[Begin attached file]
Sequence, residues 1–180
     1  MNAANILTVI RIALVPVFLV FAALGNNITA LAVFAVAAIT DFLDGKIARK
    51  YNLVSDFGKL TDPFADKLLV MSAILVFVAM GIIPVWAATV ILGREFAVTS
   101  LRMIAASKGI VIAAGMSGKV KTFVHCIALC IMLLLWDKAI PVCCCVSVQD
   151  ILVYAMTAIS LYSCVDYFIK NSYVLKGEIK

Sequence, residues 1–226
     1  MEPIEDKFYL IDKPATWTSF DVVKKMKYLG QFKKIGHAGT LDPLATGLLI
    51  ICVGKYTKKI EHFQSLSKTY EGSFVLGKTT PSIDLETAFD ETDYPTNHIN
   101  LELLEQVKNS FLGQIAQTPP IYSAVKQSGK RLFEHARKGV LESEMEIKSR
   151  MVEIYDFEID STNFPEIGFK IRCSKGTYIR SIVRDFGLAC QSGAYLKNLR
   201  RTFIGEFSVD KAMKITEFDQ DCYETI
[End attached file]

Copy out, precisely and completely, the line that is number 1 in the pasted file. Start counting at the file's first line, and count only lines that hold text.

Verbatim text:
Sequence, residues 1–180